Under recently instituted FIDE rules, a player who is late for the beginning of a round loses the game, as does a player who has a forbidden electronic device (by default any device). The former rule was used at the 2009 Chinese Championship to forfeit Hou Yifan for arriving five seconds late for the beginning of a round.The latter rule was used to forfeit Aleksander Delchev against Stuart Conquest after the move 1.d4 in the 2009 European Team Championship.
The German grandmaster Robert Hübner also lost a game without playing any moves. In a World Student Team Championship game played in Graz in 1972, Hübner played one move and offered a draw to Kenneth Rogoff, who accepted. However, the arbiters insisted that some moves be played, so the players played the following ridiculous game: 1.c4 Nf6 2.Nf3 g6 3.Ng1 Bg7 4.Qa4 0-0 5.Qxd7 Qxd7 6.g4 Qxd2+ 7.Kxd2 Nxg4 8.b4 a5 9.a4 Bxa1 10.Bb2 Nc6 11.Bh8 Bg7 12.h4 axb4 (draw agreed).The arbiters ruled that both players must apologize and play an actual game at 7 p.m. Rogoff appeared and apologized; Hübner did neither. Hübner's clock was started, and after an hour Rogoff was declared the winner. Wang Chen and Lu Shanglei both lost a game in which they had played no moves. They agreed to a draw without play at the 2009 Zhejiang Lishui Xingqiu Cup International Open Chess Tournament held in Lishui, Zhejiang Province, China. The chief arbiter declared both players to have lost the game.
More rarely, a player might decide to protest by resigning a game rather than forfeiting. A game between Fischer and Oscar Panno, played at the Palma de Mallorca Interzonal 1970, went: 1.c4 Black resigns. Panno refused to play to protest the organizers' rescheduling of the game to accommodate Fischer's desire not to play on his religion's Sabbath. Panno was not present when the game was to begin. Fischer waited ten minutes before making his move and went to get Panno to convince him to play. Fifty-two minutes had elapsed on Panno's clock before he came to the board and resigned.(At the time, an absence of sixty minutes resulted in a forfeit.)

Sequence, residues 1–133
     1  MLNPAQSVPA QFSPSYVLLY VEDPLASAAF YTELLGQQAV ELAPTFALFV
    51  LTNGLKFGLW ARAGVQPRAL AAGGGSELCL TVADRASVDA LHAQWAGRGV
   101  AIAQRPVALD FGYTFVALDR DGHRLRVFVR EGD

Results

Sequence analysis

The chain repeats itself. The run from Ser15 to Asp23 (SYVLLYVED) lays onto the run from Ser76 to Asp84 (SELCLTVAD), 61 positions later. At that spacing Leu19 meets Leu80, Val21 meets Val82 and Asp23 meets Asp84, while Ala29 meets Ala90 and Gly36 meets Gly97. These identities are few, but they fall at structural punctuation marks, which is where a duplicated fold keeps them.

The shortest decisive tournament game that was decided because of the position on the board (i.e. not because of a forfeit or protest) is Z. Đorđević–M. Kovačević, Bela Crkva 1984. It lasted only three moves (1.d4 Nf6 2.Bg5 c6 3.e3?? Qa5+ winning the bishop), and White resigned.This was repeated in Vassallo–Gamundi, Salamanca 1998. (In a number of other games, White has played on after 3...Qa5+, occasionally drawing or even winning in this line.) The shortest game ever lost by a grandmaster because of the position on the board was by future world champion Viswanathan Anand, who resigned on move 6 against Alonso Zapata in 1988 (1.e4 e5 2.Nf3 Nf6 3.Nxe5 d6 4.Nf3 Nxe4 5.Nc3 Bf5?? 6.Qe2 winning a piece, since 6...Qe7 is answered by 7.Nd5 Qe6? 8.Nxc7+).
A game may be drawn by mutual agreement in any number of moves. Traditionally, it has been common for players to agree a "grandmaster draw" after playing about 10–15 moves of known opening theory and making no serious effort to win. This is usually done to preserve energy in a tournament, after a devastating loss in the previous round of the tournament, or in the final round when no prize money is at stake. There has been some debate over the ethics of the practice, and recently there has been a trend away from such games, with many tournaments adopting measures to discourage short draws. If the tournament officials (unlike those at Graz and Lishui) do not object, a game may even be agreed drawn without a single move being played. According to ChessGames.com, in the 1968 Skopje–Ohrid tournament Dragoljub Janosevic and Efim Geller agreed to a draw without playing any moves.Tony Miles and Stewart Reuben did the same thing in the last round of the Luton 1975 tournament, "with the blessing of the controller", in order to assure themselves of first and second places respectively.
As mentioned above, Fischer (in 1972) and Kramnik (in 2006) each forfeited a world championship game without playing any moves. Other than those unplayed games, the shortest game in a world championship was the 21st match game in the World Chess Championship 1963 between Mikhail Botvinnik and Tigran Petrosian. The players agreed to a draw after the 10th move by White (Petrosian).The shortest decisive, non-forfeited world championship game occurred between Viswanathan Anand and Boris Gelfand in game 8 of the World Chess Championship 2012. Gelfand resigned after Anand's 17th move, 17.Qf2.